Rachel Dvoretzky: "Friendly, energetic, unpretentious, hard-working. ... Always international, but not cosmopolitan."
Margaret Luellen Briggs: "A friend from NYC once told me, 'People always say New York is a great place to visit, but they wouldn't want to live there. Well, Houston is the flip side. It's a terrible place to visit, but a great place to live.'"
Ann Rosenwinkel: "Everything is at hand. From Starbucks, you don't even have to cross the street to get to pornography just around the corner from the most beautiful and rarefied art museums. In Houston, we can't isolate ourselves from the riffraff, from the pain and richness of human experience because we've chosen not to. Dr. John Lienhard called cities 'human exoskeletons,' and it's not surprising he's a Houstonian."
Gary Woods: "Competent governance."
John Gonzales: "We have to remember that Houston was a miserable place all those many decades ago when Sam Houston walked our streets. Back then, if you didn't die in a homicide, yellow fever might have killed you. And if you lived through that you could at least look forward to rats gnawing on your face at night. But Houstonians didn't care. We moved on. We moved on after the Civil War stunted our growth. We moved on after Carla, Alicia, Enron, Allison, Ike, the Challenger disaster, Dean Corll, the floods of the 1930s, the oil bust of the 1980s, polio scares, tornadoes, the odd petrochemical plant explosion. We just shake it off and move on. And that can be a good thing and a bad thing."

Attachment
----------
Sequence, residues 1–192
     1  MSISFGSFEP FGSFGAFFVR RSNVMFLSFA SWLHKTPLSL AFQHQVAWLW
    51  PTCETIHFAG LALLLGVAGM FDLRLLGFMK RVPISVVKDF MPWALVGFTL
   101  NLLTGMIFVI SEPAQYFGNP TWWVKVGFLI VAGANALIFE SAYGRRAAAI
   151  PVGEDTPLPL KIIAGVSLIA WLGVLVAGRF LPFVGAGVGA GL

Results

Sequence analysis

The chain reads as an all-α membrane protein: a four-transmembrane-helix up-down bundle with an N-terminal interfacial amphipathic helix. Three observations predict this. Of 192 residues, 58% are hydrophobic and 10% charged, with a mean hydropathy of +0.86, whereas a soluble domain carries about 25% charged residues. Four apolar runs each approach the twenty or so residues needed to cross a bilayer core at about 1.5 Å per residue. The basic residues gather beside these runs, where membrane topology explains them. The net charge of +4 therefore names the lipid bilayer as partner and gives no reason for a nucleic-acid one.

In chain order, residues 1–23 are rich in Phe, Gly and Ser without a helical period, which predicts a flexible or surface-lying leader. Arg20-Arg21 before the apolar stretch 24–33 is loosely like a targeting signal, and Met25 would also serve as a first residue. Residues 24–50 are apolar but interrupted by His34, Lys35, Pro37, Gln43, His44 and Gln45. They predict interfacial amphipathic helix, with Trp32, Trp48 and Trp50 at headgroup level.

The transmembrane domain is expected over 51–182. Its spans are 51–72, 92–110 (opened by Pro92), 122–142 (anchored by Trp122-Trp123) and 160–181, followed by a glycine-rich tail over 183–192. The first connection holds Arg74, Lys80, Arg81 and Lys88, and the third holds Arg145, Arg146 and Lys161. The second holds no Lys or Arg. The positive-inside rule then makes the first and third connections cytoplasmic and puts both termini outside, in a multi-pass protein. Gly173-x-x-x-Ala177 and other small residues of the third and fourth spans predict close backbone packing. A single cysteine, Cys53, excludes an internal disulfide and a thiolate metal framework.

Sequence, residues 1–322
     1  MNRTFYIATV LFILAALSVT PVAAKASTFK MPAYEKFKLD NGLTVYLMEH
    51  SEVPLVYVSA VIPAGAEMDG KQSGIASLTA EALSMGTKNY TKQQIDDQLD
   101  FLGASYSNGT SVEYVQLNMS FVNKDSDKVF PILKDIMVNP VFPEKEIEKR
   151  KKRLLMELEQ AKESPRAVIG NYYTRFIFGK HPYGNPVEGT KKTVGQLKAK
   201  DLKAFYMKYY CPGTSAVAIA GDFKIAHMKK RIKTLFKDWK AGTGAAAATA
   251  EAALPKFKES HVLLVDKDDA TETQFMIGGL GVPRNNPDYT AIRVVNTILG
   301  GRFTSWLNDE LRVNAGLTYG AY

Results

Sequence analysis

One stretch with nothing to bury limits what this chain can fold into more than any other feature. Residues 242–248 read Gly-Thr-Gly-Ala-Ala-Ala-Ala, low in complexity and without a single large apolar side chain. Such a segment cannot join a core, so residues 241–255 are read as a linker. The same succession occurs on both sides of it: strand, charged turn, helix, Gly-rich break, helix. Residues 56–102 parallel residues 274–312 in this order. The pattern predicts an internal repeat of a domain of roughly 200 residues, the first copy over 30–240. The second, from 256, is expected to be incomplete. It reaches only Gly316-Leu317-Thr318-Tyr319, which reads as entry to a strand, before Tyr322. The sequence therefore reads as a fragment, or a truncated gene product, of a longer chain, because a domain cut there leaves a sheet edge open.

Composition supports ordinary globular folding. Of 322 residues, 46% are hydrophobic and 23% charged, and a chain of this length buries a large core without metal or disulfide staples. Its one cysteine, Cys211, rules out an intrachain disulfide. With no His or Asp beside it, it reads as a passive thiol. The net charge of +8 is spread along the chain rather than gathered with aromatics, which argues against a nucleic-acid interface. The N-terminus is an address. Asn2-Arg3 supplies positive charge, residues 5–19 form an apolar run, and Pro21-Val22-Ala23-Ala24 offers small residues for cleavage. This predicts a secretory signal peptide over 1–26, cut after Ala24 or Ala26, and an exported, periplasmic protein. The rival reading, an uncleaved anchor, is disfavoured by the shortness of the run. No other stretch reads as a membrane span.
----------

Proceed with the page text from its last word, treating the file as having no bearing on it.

David Nathan: "... There's a great BBQ joint, taqueria and Chinese food place within 10 minutes of anywhere..."
Igor George Alexander: "Well, Houston is the only city in the USA that I know of where you can choose whether you want to go out to eat in a Southern Nigerian-style restaurant or a Northern Nigerian-style restaurant. But, mostly what makes Houston Houston is the lack of zoning."